By the Waters of Babylon

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First page of the story with its original title in The Saturday Evening Post (1937)

"By the Waters of Babylon" is a post-apocalyptic short story by American writer Stephen Vincent Benét, first published July 31, 1937, in The Saturday Evening Post as "The Place of the Gods".[1] It was republished in 1943 The Pocket Book of Science Fiction,[2] and was adapted in 1971 into a one-act play by Brainerd Duffield.[3]

Plot summary[edit]

Set in a future following the destruction of industrial civilization, the story is narrated by a young man named John[4] who is the son of a priest. The priests of John's people (the Hill People) are inquisitive people associated with the divine. They are the only ones who can handle metal collected from the homes (called the "Dead Places") of long-dead people whom they believe to be gods. The plot follows John’s self-assigned mission to get to the Place of the Gods. His father allows him to go on a spiritual journey, not realizing John is going to this forbidden place.

John journeys through the forest for eight days and crosses the river Ou-dis-sun. Once John gets to the Place of the Gods, he feels the energy and magic there. He sees a statue of a "god"—in point of fact, a human—that says "ASHING" on its base. He also sees a building marked "UBTREAS". After being chased by dogs and climbing the stairs of a large building, John sees a dead god. Upon viewing the visage, he has an epiphany that the gods were humans whose power overwhelmed their good judgment. After John returns to his tribe, he tells his father of "the place New York." His father warns him against recounting his experiences to others in the tribe, for sometimes too much truth is a bad thing, that it must be told little by little. The story ends with John stating his conviction that, once he becomes the head priest, "We must build again."


Benét wrote the story in response to the April 25, 1937 bombing of Guernica, in which Fascist military forces destroyed the majority of the Basque town of Guernica during the Spanish Civil War.[5] This story took place before the public knowledge of nuclear weapons, but Benét's description of "The Great Burning" is similar to later descriptions of the effects of the atomic bombings at Nagasaki and Hiroshima. His "deadly mist" and "fire falling from the sky" are eerily prescient of the descriptions of the aftermath of nuclear blasts. However, the "deadly mist" may also be a reference to chemical weapons in World War I, particularly mustard gas, a feared weapon of war that Benét's generation was very familiar with. The story was written in 1937, five years before the Manhattan Project started, and eight years before there was widespread public knowledge of the project.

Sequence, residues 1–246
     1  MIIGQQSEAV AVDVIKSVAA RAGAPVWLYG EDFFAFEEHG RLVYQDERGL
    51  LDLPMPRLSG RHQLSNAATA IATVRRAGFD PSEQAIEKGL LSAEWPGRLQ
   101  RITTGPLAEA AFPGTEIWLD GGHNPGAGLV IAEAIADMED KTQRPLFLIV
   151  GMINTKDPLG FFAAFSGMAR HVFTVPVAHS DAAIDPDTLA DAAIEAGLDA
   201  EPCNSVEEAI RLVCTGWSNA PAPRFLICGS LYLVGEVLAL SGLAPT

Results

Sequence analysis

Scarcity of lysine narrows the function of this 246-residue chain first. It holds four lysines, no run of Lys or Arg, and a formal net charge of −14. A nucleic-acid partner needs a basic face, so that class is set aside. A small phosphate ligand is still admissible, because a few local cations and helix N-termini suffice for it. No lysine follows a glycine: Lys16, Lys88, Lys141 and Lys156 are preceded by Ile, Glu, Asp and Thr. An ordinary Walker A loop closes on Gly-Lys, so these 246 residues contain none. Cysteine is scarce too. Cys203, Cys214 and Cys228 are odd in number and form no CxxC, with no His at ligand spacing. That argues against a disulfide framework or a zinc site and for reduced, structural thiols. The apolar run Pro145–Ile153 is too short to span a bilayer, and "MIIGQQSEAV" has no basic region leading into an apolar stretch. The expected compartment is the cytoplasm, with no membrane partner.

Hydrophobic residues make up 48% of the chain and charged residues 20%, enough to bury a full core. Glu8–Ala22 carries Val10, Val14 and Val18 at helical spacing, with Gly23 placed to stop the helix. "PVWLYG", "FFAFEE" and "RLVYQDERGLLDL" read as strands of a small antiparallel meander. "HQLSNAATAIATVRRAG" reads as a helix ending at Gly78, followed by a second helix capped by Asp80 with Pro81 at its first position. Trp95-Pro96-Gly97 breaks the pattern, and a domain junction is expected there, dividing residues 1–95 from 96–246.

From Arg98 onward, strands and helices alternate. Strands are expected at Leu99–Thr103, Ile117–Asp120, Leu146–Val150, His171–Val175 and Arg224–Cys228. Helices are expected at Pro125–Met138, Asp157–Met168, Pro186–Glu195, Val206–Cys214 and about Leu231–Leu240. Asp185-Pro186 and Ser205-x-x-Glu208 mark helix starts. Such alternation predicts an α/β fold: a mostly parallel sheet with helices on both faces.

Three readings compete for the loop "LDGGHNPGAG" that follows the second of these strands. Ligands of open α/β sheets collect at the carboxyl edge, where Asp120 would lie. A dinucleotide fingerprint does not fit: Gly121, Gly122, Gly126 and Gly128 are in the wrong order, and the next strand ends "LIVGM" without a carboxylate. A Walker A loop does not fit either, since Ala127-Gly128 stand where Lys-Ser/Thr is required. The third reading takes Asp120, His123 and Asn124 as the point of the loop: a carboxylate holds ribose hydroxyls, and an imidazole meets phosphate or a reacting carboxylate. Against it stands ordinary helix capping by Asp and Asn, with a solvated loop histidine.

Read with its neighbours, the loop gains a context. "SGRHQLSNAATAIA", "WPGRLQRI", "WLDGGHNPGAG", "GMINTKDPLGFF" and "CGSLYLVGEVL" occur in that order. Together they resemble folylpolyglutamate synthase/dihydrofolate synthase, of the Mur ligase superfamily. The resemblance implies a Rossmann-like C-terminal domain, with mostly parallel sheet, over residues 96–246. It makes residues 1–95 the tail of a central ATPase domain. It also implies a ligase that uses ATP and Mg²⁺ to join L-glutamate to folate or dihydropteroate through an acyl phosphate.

Influence on later work[edit]

Ayn Rand's 1937 novella Anthem may have been inspired by this story.[6]

In 1955 Edgar Pangborn wrote "The Music Master of Babylon",[7] a post-apocalyptic story told from the point of view of a pianist living alone in a ruined New York City, and after decades of total isolation encountering two youths from a new culture which had arisen in the world, who come exploring the ruined city. Pangborn depicted a different world than that of Benét, but referred to Benét's story in the title and in many of the story's details. Pangborn returned to that devastated world in his later writings, including the novel Davy.

See also[edit]


  1. ^ The term post-apocalyptic paraphrases Izzo.[1]
    Date of publication is from "BENÉT, STEPHEN VINCENT" Archived 2007-07-08 at the Wayback Machine, in Miscellaneous Story Anthologies
    Benét changed the title when selecting works for Thirteen O'Clock. (Fenton, 1958)
  2. ^ "Book Information: Pocket Book of Science Fiction, the. Donald A. Wollheim, ed. (1943). Steven Jeffery /, 2007". Archived from the original on 2007-10-12. Retrieved 2007-12-07.
  3. ^ Description from the play catalog of Dramatic Publishing. Archived 2011-07-17 at the Wayback Machine
    The adaption is distinct from the 2003 play of the same name by Robert Schenkkan.
  4. ^ Wagar, p. 163, who also calls him a "young savage" (p. 25). Macdonald, p. 267-268, who calls him a "young brave". In the play adaptation, he appears as a young man and, in a non-speaking part, as a boy. (Duffield, 1971)
  5. ^ Source is Izzo, who also notes that Benét wrote other stories and poems in response to the threat of Fascism in the 1930s.
  6. ^ Mayhew, Robert (2005-05-20). Essays on Ayn Rand's Anthem. Lexington Books. pp. 120–121. ISBN 978-0-7391-5474-8.
  7. ^ Published 1954 by Galaxy Science Fiction, appeared 1959 in The World That Couldn't Be, Ed. H.L. Gold, Doubleday.


  • Benét, Stephen Vincent (July 31, 1937). Henry C. Pitz (illus.). "THE PLACE OF THE GODS". Saturday Evening Post. 210 (5): 10–11, 59–60 (4p).
  • Benét, Stephen Vincent (1971) [1937]. Thirteen O'Clock: Stories of Several Worlds. Ayer Co Pub. ISBN 0-8369-3793-7.
  • Duffield, Brainerd; Stephen Vincent Benét (1971). Stephen Vincent Benet's By the waters of Babylon; a play in one act. Chicago: Dramatic Pub. Co.(WorldCat) (preview)
  • Fenton, Charles A. (1978) [1958]. Stephen Vincent Benet: The Life and Times of an American Man of Letters, 1898-1943. Westport, Conn.: Greenwood Press. ISBN 0-313-20200-1.
  • Izzo, David Garrett. "Stephen Vincent Benét (1898-1943)". The Literary Encyclopedia. Retrieved 2007-06-20. (about the author)
  • Macdonald, Andrew, Gina Macdonald, and MaryAnn Sheridan. (2000). Shape-shifting: images of Native Americans in recent popular fiction. Contributions to the study of popular culture, no. 71. Westport, Conn, Greenwood Press. ISBN 0-313-30842-X.
  • Wagar, W. Warren (1982). Terminal Visions: The Literature of Last Things. Bloomington: Indiana University Press. ISBN 0-253-35847-7.

External links[edit]